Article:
• Michael James

            Alon, I guess we are going round the same old territory. Most of your points are really a subjective matter of opinion. As are mine. But I am never sure what logic drives yours. Paris is hardly growing at a great rate while Ile de France continues to grow and that is why there is the Metropole Grand Paris plan (which of course doesn’t have much to do with Paris’ politicians or administration). And the French state has had a decentralisation/devolution policy for 40-50 years. Just this week I was reading how La Defense is undergoing a building boom (maybe to grab all those post-Brexit jobs fleeing London). There is no logical reason why one would want to build lots more office building in Paris, only to pull yet more commuters into an incredibly efficient transport system but which is still close to its limits.

            As to your calculations on building heights, I think they are a fair bit off. Most Haussmannian (or older) buildings are 6 to 7 (including the mansarde level) and the original building height limit was 18m; this was extended by one floor later but those are fairly rare. The significant thing is they had higher ceilings which means modern buildings at the same overall height limit can squeeze in 9-10 floors (I believe this is entirely regressive and totally at the pressure of developers; ditto the loss of internal courtyard or even just air/light-wells to rely entirely upon mechanical ventilation.) A 50m height would more than double the floor area but the thing is buildings this tall are never arranged in a way (outside of Asia) that matches or exceeds to any meaningful degree the existing Haussmannian density (which in the 11th arrondissement reaches 42,000/km2)–unless of course they go seriously tall (and even then …).

            the economics of demolishing an 8-story building to build a 25-story building are pretty dreadful.

            Existing buildings are not getting demolished to build these new ones. Most demolition of decrepit zones finished while I lived in Paris. Other devo zones, like the eastern 13th, around Bercy and Clichy-Batignolles are either of single or two storey light-industrial or in fact rail marshalling yards etc. I just looked at the Batignolles plans and I think it really is about trying to keep up with the Joneses, ie. some very quirky mannerist buildings, one is even by Piano and I suppose there will be a Gehry, a Herzog-deMeuron etc. which I suppose is fair enough–I don’t totally object since there is limited in-fill zones where this can happen, and they are at the periphery. (While they won’t make a net addition to Paris they can’t damage it much either–if they stick to the 50m, but I reckon their buildings would still have benefited from being standard Haussmannian height. There is now a century of evidence that shows anything that is significantly above his height doesn’t look good–and arguably doesn’t provide much extra function either: Front de Seine/BeauGrenelle; those towers in the 13th; Montparnasse and the awful hi-rise at the back of Gare Montparnasse; the hideous Annexe Mairie IV; Palais des Congrés etc. I also doubt those areas in clich-Batignolles will create anything like the usual vibrant Parisian scene at ground level.) However it is not creating any particularly affordable housing and if there is a need that is it.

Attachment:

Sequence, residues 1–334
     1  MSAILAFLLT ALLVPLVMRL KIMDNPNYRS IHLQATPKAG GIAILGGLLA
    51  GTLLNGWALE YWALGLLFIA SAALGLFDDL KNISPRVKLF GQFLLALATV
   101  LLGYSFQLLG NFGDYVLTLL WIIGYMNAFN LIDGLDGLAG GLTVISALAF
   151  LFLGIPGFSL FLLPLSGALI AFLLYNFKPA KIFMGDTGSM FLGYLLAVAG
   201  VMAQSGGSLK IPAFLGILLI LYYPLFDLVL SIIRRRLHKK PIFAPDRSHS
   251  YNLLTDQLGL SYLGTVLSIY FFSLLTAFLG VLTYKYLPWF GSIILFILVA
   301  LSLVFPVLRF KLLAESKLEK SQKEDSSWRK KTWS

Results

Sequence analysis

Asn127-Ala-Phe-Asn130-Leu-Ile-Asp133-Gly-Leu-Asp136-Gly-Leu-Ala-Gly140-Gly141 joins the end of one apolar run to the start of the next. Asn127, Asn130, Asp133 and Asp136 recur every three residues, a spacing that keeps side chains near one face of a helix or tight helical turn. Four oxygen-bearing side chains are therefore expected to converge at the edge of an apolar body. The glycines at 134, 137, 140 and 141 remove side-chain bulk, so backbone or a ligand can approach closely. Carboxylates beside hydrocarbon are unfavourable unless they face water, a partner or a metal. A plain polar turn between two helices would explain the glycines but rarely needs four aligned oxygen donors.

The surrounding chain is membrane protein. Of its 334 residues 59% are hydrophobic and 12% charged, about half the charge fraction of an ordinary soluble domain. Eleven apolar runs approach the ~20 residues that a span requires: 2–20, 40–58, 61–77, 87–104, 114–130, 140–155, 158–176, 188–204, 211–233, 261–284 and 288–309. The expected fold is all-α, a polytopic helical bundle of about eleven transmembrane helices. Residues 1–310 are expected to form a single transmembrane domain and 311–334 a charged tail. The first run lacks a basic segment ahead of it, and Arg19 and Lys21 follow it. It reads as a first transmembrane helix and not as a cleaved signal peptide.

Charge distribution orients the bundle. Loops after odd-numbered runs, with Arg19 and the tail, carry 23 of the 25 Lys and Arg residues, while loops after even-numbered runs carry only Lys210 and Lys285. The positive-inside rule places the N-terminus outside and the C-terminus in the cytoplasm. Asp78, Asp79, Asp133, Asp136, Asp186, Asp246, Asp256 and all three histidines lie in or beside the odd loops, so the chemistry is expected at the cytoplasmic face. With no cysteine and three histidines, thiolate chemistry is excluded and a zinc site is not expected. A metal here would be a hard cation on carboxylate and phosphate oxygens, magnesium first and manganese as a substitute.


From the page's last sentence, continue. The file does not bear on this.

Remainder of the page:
those would do a lot for housing, too, since they’d make middle-class people voluntarily live in the banlieues and take the RER.

            That statement is deeply mysterious to me. The objective today is surely to provide more jobs and opportunity in the banlieu, specifically at the TOD around RER and future Metro lines.

            I have just browsed Streetview of Bercy Village and no, it is not high-rise but adheres closely to Haussmannian rules (& as modified later) though with modern facades. As far as I can tell everything is between 7 and 9 floors. The Ibis hotel is 9 floors (with those miserable modern low ceilings they have managed to squeeze in an extra floor) but with the same profile as the buildings around it.

  10. David Seto

    Thanks, Mr Levy, for your article. However, the comparison of Bourg-la-Riene and Southport, isn’t the right one in terms of apples to apples. Bourg-la-Reine is within the Province of Ile-de-France which is analogous to a capital district, and this province contains Paris as its biggest component. So Bourg-la-Reine is within the shadow of Paris. A better comparison to Bourg-la-Reine would be someplace in Westchester County or Long Island, both of which are in the immediate shadow of NYC. Or a comparative place outside Los Angeles but within Los Angeles County.